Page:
Could Merkel’s Boner could be the decisive mistake? If not, just wait. They’re bound to make one.


    michael Reply:

    amen brother.
    its as if NRX doesnt get this any more than the republicans despite the whole HBD meme. One puts their hope in smith and locke the other jesus. But I cant for the life of me understand why they, and the cathedral -all the brilliant minds in the world cant see why turning western civilization over to the third world is not an incredibly bad idea.They might just as well weaponize ebola.


    Posted on October 20th, 2015 at 4:04 pm Reply | Quote
  • Popcorn Activism II | Reaction Times Says:

    […] Source: Outside In […]

    Posted on October 20th, 2015 at 5:56 pm Reply | Quote
  • Froude Society Says:

    The Democrats and their Labour colleagues have such a degree of Democracy idealism that they refuse to admit many of the political portions of the beast. It’s a Dewyesque trust in the capital ‘D” Demos that they will triumph by Good Faith alone. One sees this in Bernie Glassberg refusing to do “negative campaigning”. They won’t look upon the beast they worship. Try asking the blue pills why the Democrats shouldn’t make a single party state, the answers are as unclear as they are humorous.

    I really do fear a Republican presidential victory, especially of Trump, would relegitimize Democracy in a most saddening manner. Bernie is exactly the type of guy who would hasten Obama’s policy of imperial degradation. Imagine him talking to General Suleimani or the Saudis, a box of laughs and another of chaos. Also the big bootlylicious blank checks he’d write to the bureaucracy. Remember Moldbug wrote a post cheering both Obama’s elections, we no reason to change from that sentiment. The Red Government has too many low hanging prestige fruits they could gather on the vine, four year extra will see them rot.


    Grotesque Body Reply:

    Sanders victory = emboldened Putin and four years of #blacklivesmatter taking the mic. I don’t think there is enough popcorn in this solar system.


    Posted on October 21st, 2015 at 12:27 am Reply | Quote
  • cassander Says:

    This is where I must part ways with so much NRX thinking. Let’s assume we’re right about everything we say. If so, we almost certainly can’t fix things, the cathedral is just too entrenched. But if we can’t fix things, the correct response isn’t to hope that things go to hell in a hurry, it’s to hope that they don’t fall apart right away so we can still enjoy life before things go to hell. “we’ll make things worse so they can get better” is the leftwing MO, not the right wing.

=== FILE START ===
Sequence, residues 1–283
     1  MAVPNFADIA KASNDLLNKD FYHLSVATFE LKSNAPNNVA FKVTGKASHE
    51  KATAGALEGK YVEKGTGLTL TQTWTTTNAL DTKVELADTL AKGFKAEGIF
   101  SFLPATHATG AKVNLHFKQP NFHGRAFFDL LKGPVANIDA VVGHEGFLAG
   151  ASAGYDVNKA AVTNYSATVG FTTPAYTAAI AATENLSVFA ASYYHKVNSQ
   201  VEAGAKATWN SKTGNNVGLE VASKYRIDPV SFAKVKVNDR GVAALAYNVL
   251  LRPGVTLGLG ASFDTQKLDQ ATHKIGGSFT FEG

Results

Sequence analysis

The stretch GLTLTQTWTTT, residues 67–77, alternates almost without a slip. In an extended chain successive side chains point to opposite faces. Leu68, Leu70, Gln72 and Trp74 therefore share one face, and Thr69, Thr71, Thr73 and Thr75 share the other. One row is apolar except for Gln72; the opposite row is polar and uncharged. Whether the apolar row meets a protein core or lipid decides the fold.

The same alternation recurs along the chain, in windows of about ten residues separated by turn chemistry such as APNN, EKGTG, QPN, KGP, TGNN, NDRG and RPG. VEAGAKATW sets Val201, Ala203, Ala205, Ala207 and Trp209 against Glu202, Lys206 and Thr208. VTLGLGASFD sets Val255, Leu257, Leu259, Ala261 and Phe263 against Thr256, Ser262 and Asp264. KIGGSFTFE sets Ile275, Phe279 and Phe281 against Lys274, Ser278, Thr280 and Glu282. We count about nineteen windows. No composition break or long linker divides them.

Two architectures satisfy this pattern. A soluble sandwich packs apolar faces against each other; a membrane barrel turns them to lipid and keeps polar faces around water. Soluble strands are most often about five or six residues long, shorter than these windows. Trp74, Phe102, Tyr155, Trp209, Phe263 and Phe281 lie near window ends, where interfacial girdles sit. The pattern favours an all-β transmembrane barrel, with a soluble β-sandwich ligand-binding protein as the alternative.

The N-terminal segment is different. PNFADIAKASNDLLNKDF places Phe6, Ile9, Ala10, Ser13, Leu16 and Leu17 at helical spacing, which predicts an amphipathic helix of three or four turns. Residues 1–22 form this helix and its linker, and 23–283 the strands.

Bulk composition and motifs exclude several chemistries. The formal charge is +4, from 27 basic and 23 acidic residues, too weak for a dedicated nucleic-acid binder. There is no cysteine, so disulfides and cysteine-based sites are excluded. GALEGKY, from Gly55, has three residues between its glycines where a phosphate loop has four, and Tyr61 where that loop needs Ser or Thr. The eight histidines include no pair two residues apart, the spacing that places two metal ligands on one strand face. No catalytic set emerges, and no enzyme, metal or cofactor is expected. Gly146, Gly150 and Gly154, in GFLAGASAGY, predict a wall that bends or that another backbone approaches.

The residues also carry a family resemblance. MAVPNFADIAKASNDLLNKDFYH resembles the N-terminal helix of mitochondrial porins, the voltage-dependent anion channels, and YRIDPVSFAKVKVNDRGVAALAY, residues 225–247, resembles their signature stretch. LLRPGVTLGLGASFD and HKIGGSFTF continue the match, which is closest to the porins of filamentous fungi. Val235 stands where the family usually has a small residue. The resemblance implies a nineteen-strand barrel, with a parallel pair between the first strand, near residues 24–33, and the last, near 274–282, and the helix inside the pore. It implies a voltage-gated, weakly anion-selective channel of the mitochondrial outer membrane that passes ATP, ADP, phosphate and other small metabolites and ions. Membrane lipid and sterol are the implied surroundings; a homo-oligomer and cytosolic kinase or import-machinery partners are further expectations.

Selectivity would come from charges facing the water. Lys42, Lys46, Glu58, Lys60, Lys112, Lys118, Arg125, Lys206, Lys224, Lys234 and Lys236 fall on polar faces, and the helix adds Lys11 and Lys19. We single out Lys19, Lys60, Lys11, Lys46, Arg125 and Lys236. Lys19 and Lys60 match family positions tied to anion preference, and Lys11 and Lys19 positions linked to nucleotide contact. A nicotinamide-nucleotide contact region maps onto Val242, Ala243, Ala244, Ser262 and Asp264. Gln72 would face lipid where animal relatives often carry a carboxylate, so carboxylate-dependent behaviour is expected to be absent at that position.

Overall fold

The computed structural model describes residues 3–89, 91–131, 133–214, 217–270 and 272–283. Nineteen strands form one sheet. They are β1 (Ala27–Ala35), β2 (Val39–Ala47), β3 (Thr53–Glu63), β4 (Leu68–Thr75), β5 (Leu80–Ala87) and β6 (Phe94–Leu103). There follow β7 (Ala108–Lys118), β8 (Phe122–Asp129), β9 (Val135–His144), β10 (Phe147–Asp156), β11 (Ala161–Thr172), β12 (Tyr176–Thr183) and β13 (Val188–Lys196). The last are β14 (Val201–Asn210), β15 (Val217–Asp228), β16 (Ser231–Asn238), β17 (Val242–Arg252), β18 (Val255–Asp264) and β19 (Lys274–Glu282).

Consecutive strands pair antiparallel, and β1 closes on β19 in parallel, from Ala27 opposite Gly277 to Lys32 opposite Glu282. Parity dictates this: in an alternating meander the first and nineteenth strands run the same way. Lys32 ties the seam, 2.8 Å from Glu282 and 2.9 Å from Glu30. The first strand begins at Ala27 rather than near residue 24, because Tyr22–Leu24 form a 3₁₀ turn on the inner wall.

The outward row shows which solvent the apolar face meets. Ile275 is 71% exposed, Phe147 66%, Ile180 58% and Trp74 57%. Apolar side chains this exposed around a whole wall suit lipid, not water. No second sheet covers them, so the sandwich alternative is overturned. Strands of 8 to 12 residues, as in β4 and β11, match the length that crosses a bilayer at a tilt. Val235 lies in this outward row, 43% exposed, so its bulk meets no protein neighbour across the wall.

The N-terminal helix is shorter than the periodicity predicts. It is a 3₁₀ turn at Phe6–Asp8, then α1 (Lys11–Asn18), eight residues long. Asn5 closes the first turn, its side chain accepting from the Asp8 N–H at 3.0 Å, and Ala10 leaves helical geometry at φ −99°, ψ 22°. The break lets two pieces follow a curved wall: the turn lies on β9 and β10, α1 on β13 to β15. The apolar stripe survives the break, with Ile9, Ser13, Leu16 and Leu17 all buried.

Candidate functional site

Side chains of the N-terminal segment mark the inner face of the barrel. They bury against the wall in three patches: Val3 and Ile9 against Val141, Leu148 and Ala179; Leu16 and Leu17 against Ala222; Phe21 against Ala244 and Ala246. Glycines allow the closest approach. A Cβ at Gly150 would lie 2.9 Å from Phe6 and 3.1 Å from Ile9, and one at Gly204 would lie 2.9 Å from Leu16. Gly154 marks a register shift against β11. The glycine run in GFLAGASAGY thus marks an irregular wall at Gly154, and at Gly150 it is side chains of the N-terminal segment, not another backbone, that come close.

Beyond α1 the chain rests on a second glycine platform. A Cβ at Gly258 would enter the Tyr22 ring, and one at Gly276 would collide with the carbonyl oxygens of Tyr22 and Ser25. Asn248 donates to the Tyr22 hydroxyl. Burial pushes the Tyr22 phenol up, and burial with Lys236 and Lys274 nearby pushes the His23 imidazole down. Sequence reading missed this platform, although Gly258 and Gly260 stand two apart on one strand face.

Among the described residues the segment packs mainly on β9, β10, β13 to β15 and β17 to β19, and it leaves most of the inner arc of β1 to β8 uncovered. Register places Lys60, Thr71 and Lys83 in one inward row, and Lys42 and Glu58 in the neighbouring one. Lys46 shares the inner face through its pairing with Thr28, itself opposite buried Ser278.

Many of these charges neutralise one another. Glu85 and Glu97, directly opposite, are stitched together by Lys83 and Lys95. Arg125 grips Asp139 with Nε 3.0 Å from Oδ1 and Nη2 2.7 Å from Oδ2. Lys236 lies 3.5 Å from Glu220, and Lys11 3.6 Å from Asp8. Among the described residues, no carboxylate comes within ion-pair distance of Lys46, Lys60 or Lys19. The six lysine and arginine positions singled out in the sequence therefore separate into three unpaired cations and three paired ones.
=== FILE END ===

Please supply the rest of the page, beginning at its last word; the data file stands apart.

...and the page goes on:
Grotesque Body Reply:

    “But if we can’t fix things, the correct response isn’t to hope that things go to hell in a hurry, it’s to hope that they don’t fall apart right away so we can still enjoy life before things go to hell.”

    Thinking > hoping.


    D. Reply:

    I’ve always been too much of a pessimist to think that collapse is imminent. If a fall happened now, there might be enough sources of strength left to rebuild. The longer decay continues, the less the likelihood of recovery after a catastrophic event. Hoping to forestall collapse until after one’s death in order to enjoy life in the present is the selfish view.


    the man whose blood was replaced with worry Reply:




    Grotesque Body Reply:

    Step 2 is where passivism fails. If you’re a lame duck and have to wait to ‘accept power’ granted by someone else instead of seizing it, then the power is not really yours and nothing good can come of persuading oneself otherwise.

    Of course, we associate the more proactive and necessary measure of ‘seizing power’ with the Lenins and the Maos, and we all know where that leads.

    (Not really. NRx would do well to remember that the Deng Xiapings, the Lee Kuan Yews and Elon Musks aren’t passivists by any means)


    the man whose blood was replaced with worry Reply:

    My reading of it has always been that, in becoming worthy, power will flow to you as a matter of course, rather than being seized through a kind of forced/aesthetic means (eg. democracy, revolution).

    The crux of Moldbug, as best I can tell, is a serious thinking-through of the implications of actual integrity—that is, continuity of, say, power, present always *as* power, where processes are what they are, and are unbeholden to aesthetic nonsense, proceeding from one manifestation to the next without forced cataclysmic jumps. In this way he has something in common with Nietzsche:

    “But what is wanted? I ask once more. If one wants an end, one must also want the means: if one wants slaves, then one is a fool if one educates them to be masters.”

    Grotesque Body Reply:

    “My reading of it has always been that, in becoming worthy, power will flow to you.”

    What are you basing that on? Because it feels good to believe so? Unless you circularly define ‘worthiness’ in terms of capacity to attain power, there’s much in history that shows the unworthy very often attain power.

    Nobody said anything about aesthetics. The point is simply that Moldbug’s passivism has nothing but hand waving to say about how the acquisition of power is supposed to follow from ‘worthiness’. Not to mention that ‘worthiness’ is actually indeterminate until it is proven AFTER acquiring power.

    the man whose blood was replaced with worry Reply:

    “Aesthetics” here means an obstruction of flow—ie. representation rather than becoming.

    Let me explain what I mean. Capitalism works regardless of ideological cheerleading, in the same way that computers give you an advantage over your competition, whether you’re “pro-computer” or not. All the ironic detachment present in contemporary pop culture is completely irrelevant—no-one cares if you “mean it” when you go to work—the job does what it needs to do.